Hundreds of people who dined at an Elmwood Village restaurant in Buffalo lined up Monday for the hepatitis A vaccine at a makeshift health clinic in the Buffalo Niagara Convention Center after a confirmed case in a food server put the community’s readiness to stem an outbreak to the test.
County health officials said 766 vaccinations were administered Monday.
Between 1,500 and 2,000 people ate at Casa-di-Pizza, 477 Elmwood Ave., from March 9 to March 19 and may be at risk, Erie County Health Department officials said. Takeout and bar customers are not affected, official said.
So far, there is just one known case.
On Tuesday, the clinic will be open from 8 a.m. to 6 p.m. at the convention center, 153 Franklin St.
For those at Monday’s clinic, the line moved slowly as public health officials first made sure that the restaurant’s customers were eligible for the vaccine.
Richard S. Abrahamson, of Buffalo, ate pizza at the restaurant with his four granddaughters. “I don’t have any symptoms. It’s more of a precaution,” said Abrahamson, a retired president of the union representing state corrections officers.
His granddaughters had already been immunized.
Risk of exposure to the disease is considered low, and it generally causes only flulike symptoms. Still, officials did not take any chances with a condition that is contagious and, in a few instances, can cause liver damage.
“The risk is very low, but just because it is very low, we should not ignore it,” said County Executive Mark C. Poloncarz.
Dozens of county and state workers, supported by volunteers, pitched in at the clinic. Clinic hours Monday were noon to 8 p.m.
“It’s all hands on deck,” said Dr. Gale R. Burstein, the county health commissioner.
An employee at Casa-di-Pizza was diagnosed Friday with hepatitis A, which is caused by a virus. In food-related outbreaks, the illness is spread primarily by eating raw produce handled by an infected person who didn’t wash his or her hands adequately after using the bathroom.
Within hours of the diagnosis, county and state officials arranged for 2,000 adult and 500 pediatric doses of vaccine that the state procured from its suppliers or through the federal Centers for Disease Control and Prevention, or CDC, said Michael J. Kubik, assistant director for administration in the Health Department.
There is also a limited supply of a shot known as immune globulin for people with compromised immune systems.
The clinic seemed to be orderly, with health educators talking to the public, nurses providing the shots, and a physician on hand.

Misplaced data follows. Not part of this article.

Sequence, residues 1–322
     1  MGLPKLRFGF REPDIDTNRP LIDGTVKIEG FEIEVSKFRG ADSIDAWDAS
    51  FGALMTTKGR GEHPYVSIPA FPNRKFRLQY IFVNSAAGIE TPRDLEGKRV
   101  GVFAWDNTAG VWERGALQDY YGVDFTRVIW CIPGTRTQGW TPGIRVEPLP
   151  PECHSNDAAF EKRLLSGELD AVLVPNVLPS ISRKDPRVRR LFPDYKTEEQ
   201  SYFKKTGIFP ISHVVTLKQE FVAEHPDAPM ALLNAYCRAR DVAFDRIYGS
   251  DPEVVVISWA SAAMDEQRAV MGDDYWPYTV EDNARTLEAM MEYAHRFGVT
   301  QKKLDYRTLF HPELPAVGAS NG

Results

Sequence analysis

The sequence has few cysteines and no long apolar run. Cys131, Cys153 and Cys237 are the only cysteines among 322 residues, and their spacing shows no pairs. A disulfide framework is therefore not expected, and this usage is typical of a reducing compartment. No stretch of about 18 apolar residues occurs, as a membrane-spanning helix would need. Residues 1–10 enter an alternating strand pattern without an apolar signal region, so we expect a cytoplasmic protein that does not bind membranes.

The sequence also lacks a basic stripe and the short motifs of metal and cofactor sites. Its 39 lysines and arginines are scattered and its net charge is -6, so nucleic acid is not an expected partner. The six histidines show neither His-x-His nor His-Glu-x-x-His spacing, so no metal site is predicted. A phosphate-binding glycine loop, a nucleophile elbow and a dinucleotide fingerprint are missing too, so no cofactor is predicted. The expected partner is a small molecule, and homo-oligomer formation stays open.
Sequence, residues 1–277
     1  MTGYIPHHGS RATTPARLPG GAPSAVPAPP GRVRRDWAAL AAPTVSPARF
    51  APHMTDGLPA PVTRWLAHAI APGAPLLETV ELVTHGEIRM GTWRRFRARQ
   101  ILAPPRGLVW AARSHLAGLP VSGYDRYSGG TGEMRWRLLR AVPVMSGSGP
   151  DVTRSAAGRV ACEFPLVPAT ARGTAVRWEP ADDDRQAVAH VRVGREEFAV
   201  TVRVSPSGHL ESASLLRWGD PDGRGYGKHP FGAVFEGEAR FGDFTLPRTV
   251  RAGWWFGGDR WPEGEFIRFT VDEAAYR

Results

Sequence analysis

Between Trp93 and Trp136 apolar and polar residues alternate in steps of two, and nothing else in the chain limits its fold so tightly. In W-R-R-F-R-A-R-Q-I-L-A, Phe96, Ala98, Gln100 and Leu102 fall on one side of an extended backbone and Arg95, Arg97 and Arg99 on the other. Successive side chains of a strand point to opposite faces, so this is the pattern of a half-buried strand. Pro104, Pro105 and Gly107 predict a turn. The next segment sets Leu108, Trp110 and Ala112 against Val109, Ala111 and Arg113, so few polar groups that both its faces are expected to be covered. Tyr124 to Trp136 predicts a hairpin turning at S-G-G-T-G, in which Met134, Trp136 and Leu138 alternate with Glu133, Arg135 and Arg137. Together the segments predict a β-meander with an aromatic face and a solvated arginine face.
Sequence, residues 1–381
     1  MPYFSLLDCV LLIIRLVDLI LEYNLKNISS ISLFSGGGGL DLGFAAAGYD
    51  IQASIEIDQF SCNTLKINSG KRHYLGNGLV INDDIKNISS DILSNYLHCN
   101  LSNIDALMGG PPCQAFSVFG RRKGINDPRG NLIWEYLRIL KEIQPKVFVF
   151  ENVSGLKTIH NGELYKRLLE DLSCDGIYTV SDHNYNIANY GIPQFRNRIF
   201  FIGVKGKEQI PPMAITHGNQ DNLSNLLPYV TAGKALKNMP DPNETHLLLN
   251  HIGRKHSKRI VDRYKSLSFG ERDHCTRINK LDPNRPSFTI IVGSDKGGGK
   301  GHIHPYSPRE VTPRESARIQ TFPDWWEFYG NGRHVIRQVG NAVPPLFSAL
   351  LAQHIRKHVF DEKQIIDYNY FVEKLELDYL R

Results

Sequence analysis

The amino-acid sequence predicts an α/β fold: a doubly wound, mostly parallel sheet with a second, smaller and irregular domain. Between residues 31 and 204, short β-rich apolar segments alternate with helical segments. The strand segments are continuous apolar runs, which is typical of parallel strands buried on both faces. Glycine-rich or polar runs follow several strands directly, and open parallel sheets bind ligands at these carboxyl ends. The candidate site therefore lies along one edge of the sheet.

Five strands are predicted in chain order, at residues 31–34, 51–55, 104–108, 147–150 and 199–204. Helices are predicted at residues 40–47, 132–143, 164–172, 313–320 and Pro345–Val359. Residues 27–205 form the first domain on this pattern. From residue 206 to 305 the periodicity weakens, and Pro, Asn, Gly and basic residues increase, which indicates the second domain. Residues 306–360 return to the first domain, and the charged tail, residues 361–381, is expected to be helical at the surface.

“We have been planning since Friday,” Burstein said.
It helped that county employees underwent a drill March 13 during which they responded to a hypothetical bioterrorism attack.
The cost of the injections was unclear Monday, as was which level of government would pay for them – the county, the state or both.
Burstein said the unidentified restaurant employee worked in the dining and banquet rooms as a server and also made salads. The employee did not have any contact with takeout foods.
The health commissioner said the restaurant found out Friday that the employee, who is recovering, was infected. The county immediately sent health inspectors to the restaurant.
Casa-di-Pizza has cooperated with public health officials and demonstrated that its employees are aware of proper hand-washing and food-handling procedures, Burstein said.
Rates of hepatitis A in the United States have declined by 95 percent since the introduction of the vaccine in 1995, according to the CDC. Before the hepatitis A vaccine became available, more than 250,000 people were infected with the disease each year, the agency reported.
There were 1,562 reported cases in 2012, but the CDC says that there were likely about twice that number after adjusting for underreporting and estimates of people who were infected but experienced no symptoms.
Symptoms of hepatitis A may include fever, fatigue, nausea and loss of appetite. A classic sign is jaundice, a yellowing of the skin or eyes.
If symptoms occur, they usually appear from two to six weeks after exposure and generally last less than two months, and almost all people recover without liver damage, according to the CDC.
More information on the county’s response is available at erie.gov.